How to Teach Jazz Improvisation on Mallets

Mike Lawson • GoodVibes • January 10, 2020

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Jazz improvisation on mallets is perhaps the most under-emphasized skill in both high school and college academia.

Yet being proficient in this skill can really enhance your students overall percussion ability. It requires the student to be well-advanced in rhythm, harmony, melody, technical proficiency, and the overall knowledge of music theory and the keyboard. This skill can also transfer knowledge into other genres of music besides jazz. I am going to go over some helpful hints regarding how to teach your students marimba and vibraphone jazz improvisation.

1) Learn the Burton Grip: The Burton grip is a four-mallet vibraphone grip that allows the musician to play both chords and linear lines. Learning this grip is the technical foundation to teaching vibraphone improvisation. A wonderful pamphlet for this can be downloaded at

2) Learn Major and Minor Scales: Your students must know their 12 major and minor scales like they know how to breath. This is the essential building block that more advanced jazz harmony can be built upon. Let the basics be strong!

3) Learn Pentatonic Scales: This is the most important step to learning how to improvise in both jazz and rock. After learning the regular scales, your students can take the first, second, third, fifth, and sixth scale degrees in any major key and this is the pentatonic scale. For example, in the key of C major, the scale is C, D E, G, and A. In the minor keys, the pentatonic scale is the first, third, fourth, fifth, and seventh scale degree. So in A Minor, the notes are A, C, D, E, and G. The pentatonic scale is the foundation of every jazz chord. Extensions and modifications are all eventually assigned to this scale in jazz. It is also interesting that the pentatonic scale was played by all ancient civilizations. The foundations for jazz actually go very deep into human history. And as complex as some rock solos seem to sound, they are all simply based on the pentatonic scales with little to no jazz modifications. Learning these five notes in every key is like magic!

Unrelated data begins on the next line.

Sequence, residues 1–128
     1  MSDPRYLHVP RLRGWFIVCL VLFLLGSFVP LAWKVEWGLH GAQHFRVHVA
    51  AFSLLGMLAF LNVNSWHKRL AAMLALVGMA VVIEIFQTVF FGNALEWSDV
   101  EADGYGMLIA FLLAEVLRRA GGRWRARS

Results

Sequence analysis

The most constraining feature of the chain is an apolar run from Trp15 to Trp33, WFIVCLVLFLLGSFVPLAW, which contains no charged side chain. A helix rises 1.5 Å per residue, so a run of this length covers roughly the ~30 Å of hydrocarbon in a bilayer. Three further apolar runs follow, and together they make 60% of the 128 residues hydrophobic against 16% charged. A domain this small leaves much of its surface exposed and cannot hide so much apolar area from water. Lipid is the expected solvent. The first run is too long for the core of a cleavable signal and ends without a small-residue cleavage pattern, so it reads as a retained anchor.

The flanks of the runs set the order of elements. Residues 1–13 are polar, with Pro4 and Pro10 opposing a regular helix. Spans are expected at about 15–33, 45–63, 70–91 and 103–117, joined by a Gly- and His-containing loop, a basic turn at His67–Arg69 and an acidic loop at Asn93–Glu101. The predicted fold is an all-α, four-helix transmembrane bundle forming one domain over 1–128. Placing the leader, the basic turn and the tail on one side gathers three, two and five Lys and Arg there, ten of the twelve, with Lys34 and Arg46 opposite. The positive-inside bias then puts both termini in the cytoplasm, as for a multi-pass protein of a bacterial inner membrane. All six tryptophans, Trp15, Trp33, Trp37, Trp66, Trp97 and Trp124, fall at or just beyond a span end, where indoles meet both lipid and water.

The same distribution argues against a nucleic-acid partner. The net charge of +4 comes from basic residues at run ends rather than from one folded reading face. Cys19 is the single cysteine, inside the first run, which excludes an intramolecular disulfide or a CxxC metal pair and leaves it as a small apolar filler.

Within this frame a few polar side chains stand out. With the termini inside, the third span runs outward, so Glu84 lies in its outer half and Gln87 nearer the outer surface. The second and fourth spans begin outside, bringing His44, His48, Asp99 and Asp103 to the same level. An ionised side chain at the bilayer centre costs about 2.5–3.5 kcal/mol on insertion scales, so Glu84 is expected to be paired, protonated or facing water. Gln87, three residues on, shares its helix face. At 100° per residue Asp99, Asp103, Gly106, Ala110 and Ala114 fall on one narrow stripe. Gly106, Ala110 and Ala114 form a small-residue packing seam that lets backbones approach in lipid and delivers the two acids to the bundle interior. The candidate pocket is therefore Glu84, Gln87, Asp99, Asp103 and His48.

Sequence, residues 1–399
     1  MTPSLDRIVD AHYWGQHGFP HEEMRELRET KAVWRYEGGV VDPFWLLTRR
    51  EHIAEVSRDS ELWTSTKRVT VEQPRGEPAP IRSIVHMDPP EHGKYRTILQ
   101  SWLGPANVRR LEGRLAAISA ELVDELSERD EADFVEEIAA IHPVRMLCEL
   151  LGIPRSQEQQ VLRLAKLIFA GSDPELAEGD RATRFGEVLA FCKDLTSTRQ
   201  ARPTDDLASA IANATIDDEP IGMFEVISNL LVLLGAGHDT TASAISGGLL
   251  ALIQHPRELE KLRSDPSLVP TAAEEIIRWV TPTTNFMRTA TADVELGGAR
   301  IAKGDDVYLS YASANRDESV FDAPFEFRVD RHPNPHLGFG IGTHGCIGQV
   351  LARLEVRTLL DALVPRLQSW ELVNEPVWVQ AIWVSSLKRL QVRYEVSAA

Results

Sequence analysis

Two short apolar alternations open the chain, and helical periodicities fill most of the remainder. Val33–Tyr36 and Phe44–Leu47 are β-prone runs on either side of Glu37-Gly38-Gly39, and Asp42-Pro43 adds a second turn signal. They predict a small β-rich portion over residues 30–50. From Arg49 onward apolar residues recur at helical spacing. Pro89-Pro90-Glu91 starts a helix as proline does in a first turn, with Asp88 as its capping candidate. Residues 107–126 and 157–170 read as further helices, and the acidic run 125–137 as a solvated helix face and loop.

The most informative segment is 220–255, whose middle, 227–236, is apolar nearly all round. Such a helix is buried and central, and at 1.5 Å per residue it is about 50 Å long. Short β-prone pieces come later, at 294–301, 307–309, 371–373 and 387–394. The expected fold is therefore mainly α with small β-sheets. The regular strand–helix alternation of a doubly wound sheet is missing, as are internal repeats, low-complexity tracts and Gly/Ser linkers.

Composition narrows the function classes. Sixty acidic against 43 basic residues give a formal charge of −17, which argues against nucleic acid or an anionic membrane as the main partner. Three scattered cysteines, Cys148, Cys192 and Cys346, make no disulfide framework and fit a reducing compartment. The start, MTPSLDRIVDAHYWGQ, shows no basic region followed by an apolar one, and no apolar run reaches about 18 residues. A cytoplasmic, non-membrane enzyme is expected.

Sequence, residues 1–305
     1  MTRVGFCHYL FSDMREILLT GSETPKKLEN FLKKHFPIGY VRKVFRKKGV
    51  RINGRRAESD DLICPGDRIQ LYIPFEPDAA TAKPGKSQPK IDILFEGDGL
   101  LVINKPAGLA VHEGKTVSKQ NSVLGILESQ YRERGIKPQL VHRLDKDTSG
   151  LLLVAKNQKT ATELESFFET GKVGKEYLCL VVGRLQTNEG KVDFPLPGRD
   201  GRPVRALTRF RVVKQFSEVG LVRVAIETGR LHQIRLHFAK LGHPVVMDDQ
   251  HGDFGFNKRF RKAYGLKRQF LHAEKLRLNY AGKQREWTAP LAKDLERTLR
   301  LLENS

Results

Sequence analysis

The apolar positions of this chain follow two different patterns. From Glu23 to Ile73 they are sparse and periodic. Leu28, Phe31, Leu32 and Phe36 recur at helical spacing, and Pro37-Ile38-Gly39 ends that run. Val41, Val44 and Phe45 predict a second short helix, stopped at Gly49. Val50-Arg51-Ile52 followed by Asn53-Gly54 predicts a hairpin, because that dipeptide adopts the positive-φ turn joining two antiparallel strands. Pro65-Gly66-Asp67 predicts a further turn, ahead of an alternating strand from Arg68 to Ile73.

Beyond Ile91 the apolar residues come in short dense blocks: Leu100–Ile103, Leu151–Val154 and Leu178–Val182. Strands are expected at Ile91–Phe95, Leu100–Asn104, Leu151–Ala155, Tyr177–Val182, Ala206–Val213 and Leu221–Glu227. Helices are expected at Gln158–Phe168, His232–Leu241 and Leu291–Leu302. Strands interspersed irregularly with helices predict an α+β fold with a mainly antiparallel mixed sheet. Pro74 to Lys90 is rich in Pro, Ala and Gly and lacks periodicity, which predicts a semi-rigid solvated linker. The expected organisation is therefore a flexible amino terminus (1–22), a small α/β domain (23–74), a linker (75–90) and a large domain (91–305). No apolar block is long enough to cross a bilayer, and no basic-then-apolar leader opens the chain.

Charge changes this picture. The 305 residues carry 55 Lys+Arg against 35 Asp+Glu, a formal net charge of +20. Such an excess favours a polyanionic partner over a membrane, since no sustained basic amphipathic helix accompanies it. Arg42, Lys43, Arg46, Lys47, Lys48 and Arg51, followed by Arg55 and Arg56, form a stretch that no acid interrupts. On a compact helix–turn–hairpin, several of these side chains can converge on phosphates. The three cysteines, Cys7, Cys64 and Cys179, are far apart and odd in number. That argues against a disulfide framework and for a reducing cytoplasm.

4) Learn the Blues Chord: Once your students know the pentatonic scale, adding one simple note will teach them the blues chord. Have them play the pentatonic scale in C minor and add a flat 5th to the scale (G Flat), and you have a blues chord! All blues chords are simply the pentatonic minor scale with an added flat 5th. Have them play all 12 minor keys with this addition.

5) Learn More Complex Chords: Adding jazz extensions to the pentatonic scales such as major and minor 7ths, augmented 5ths, and other types of chords can now be introduced to your students. Once your students master the basics listed above, they are ready for more complexity. A great book for this is called Voicing and Comping for Jazz Vibraphone by Thomas Davis. It can be found at Hal Leonard online.

6) Exercises in Rhythm: It’s not called “rhythm and blues” for nothing. Rhythm is equally as important in jazz improvisation as harmonic knowledge. A great book for teaching rhythm on a basic level is Drumstick Control by Jeff Moore. This book emphasizes the “hands separate” approach to teaching rhythm as it starts simple and builds in complexity. This book may be found on Amazon and Steve Weiss Music.

7) Melodic Approach to Keyboards: Once harmony and rhythm is mastered, it is important to bring your students back to the basics by teaching them the importance of simple melodies within any key. They may even find these melodies within the pentatonic scale. All of the great vibraphone and marimba players were masters of melody. There is a wonderful article by David Friedman called “Melodic Improvising.” It can be downloaded online at

8) Vibraphone Pedaling and Dampening: Pedaling and dampening is an art form within itself regarding jazz vibes. This step should only be taught after all of the above is mastered and your students are ready for more advanced concepts. David Freidman, once again, has an excellent book for this subject. It is called Vibraphone Technique: Dampening and Pedaling. It may be found on Amazon and Steve Weiss Music.

9) Practice Improvisation: The most important concept to remember is that the skill of keyboard improvisation only improves with practice. A great way to practice is by using a fake book with available jazz recordings to play along with. I recommend a book called The Swing Era- 1936-1947 (Jazz Bible Book Series).

The steps should be followed in the sequence provided. All great houses start with a great foundation and build up. Improvisation is such a wonderful skill for your students that will even help with their classical and band literature. It is a challenging skill, but it is one that will help your students grow and mature the most as a musician.

In 2016, The Huffington Post called Kevin Lucas “the most talented percussionist since Lionel Hampton, Ginger Baker, and Tito Puente.” He has been nominated for 38 music industry awards for his Echoes in the Sand album, and he won the 2016 American Songwriting Awards. Kevin performed with the Madison Scouts Drum and Bugle Corps from 1992-1994 and won the DCI Midwest Individuals in 1994 for keyboard percussion. He placed second in the United States for concert hall percussion at the Music Teachers National Association collegiate competition in 1997.

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